Rick Tocchet coaching with the Arizona Coyotes in 2020. Feb 22, 2020; Glendale, Arizona, USA; Arizona Coyotes head coach Rick Tocchet looks on during the second period against the Tampa Bay Lightning at Gila River Arena. Mandatory Credit: Matt Kartozian-USA TODAY Sports

After a season and a half on The NHL on TNT, Rick Tocchet is returning to the NHL coaching ranks. He’ll be doing so with the Vancouver Canucks, who officially announced the firing of head coach Bruce Boudreau (and assistant Trent Cull) and the hiring of Tocchet (and assistants Adam Foote and Sergei Gonchar) Sunday after weeks of speculation that Tocchet would replace Boudreau.

Here are GM Patrik Allvin’s comments in that release:

“We would like to extend our sincere thanks to Bruce and Trent for their contributions to this organization,” said Allvin. “We appreciate their dedication and wish them nothing but the best moving forward. This was not an easy decision to make, but one that we felt was necessary for this franchise.

“Rick Tocchet brings a wealth of knowledge to this team from both a coach and player perspective. He has had more than two decades of coaching experience, guiding teams of various styles. As a player, he displayed a high level of character, grit and intensity, while recording impressive offensive numbers.

“We are also excited about the additions of Adam Foote and Sergei Gonchar to our coaching staff. Both individuals enjoyed long, successful playing careers as NHL defencemen and together provide a wide range of expertise on both sides of the puck. Tocchet, Foote, and Gonchar all bring a championship pedigree to the organization and we look forward to welcoming them to Vancouver.”

Meanwhile, Tocchet‘s NHL on TNT colleague Liam McHugh expressed excitement for him:

The hiring of Tocchet (seen above in 2020 with Arizona) comes with some criticism from many. Some of that is about people digging through his past Twitter likes, ranging from sexual content to political opinions. (He deactivated his account Sunday, but the screenshots remain.)

There’s also been some criticism for Tocchet’s past. That includes the 2006 “Operation Slapshot” uncovering of his involvement in an illegal gambling ring in New Jersey (while he was an assistant coach with the then-Phoenix Coyotes). That led to him eventually taking a plea deal, pleading guilty to promoting gambling and conspiracy to promote gambling, and getting sentenced to two years of probation.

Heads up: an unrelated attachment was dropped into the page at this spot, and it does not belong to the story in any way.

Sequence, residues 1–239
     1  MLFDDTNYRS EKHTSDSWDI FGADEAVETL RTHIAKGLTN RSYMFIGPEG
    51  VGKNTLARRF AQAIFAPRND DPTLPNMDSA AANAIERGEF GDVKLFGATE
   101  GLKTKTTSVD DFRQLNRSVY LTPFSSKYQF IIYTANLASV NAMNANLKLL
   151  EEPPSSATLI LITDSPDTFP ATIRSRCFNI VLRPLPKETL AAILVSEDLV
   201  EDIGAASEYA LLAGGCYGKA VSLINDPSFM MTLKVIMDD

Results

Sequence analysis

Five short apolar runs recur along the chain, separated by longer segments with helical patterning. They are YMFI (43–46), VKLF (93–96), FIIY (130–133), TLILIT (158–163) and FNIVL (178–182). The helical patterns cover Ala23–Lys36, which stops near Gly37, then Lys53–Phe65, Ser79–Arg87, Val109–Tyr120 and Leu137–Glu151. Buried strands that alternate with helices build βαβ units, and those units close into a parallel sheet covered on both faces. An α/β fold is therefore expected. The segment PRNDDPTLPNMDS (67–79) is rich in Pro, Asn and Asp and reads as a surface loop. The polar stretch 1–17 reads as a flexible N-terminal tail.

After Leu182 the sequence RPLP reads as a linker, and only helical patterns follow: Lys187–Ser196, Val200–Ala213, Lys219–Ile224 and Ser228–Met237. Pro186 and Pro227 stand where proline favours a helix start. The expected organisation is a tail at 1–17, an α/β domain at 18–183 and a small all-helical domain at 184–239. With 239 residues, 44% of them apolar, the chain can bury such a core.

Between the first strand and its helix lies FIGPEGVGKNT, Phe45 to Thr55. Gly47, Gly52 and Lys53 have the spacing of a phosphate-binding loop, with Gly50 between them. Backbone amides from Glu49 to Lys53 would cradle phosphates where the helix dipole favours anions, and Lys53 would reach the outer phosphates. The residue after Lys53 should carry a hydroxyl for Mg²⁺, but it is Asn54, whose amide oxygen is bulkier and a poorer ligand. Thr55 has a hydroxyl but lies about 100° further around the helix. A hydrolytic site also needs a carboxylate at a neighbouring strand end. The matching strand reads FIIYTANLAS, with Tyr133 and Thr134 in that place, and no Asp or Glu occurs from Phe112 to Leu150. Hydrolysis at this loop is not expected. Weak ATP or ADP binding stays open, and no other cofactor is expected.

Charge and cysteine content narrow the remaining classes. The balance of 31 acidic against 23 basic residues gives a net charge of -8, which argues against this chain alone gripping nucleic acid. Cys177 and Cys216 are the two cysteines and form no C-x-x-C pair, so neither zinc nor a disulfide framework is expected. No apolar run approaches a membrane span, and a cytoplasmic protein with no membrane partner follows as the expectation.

Beyond that, Tocchet’s coaching career certainly isn’t perfect. He’s spent six seasons as a NHL head coach, filling that role with the Tampa Bay Lightning (2008-10) and Arizona Coyotes (2017-21). Overall, he’s posted a career regular-season record of 178-200-60 as a NHL head coach, with just one playoff appearance (a first-round loss in the COVID-altered 2020 playoffs). He does have a long history of work in the game as a player (18 NHL seasons from 1984-2002), assistant coach, and broadcaster (with the-then Comcast SportsNet in Philadelphia early last decade, and then with TNT more recently), but there are many unimpressed with his coaching record.

Some of the backlash here also is about the way the Canucks treated Boudreau. It had been clear the team was going to move on from him for weeks if not months, but he wasn’t told that by management. And that led to fans showing support for him with “Bruce There It Is” signs at what proved to be his final game Saturday, and even an Encanto song parody:

Here’s some of what Thomas Drance wrote on the way the Canucks left Boudreau to twist, at The Athletic:

He searched out his wife in the crowd and held back tears as the fans serenaded him appreciatively one final time: “Bruce There It Is!”

“You never know if it’s the end,” Boudreau said of the moment. He spoke through tears. He stopped frequently to gather himself.

…“I’ve never had it where, like, I was fired once in the middle of the season — and by the way they haven’t fired me,” Boudreau said, as the media laughed. “And George (McPhee) called me to his house and we had a long talk.”

…He’s known the axe was going to fall for weeks — months even — but he’s baffled by the timing and the impersonality of all of it. He quipped on Saturday that the club had been waiting until the schedule turned to cake, to make sure his replacement is put in a position to succeed. He then wished his replacement “good luck.”

Tocchet may need some of that luck, as he’s walking into a difficult position here. The Canucks are 18-25-3 this season, 12th in the Western Conference. We’ll see how they do under Tocchet, and we’ll see where the NHL on TNT goes to replace him.

About Andrew Bucholtz

Andrew Bucholtz has been covering sports media for Awful Announcing since 2012. He is also a staff writer for The Comeback. His previous work includes time at Yahoo! Sports Canada and Black Press.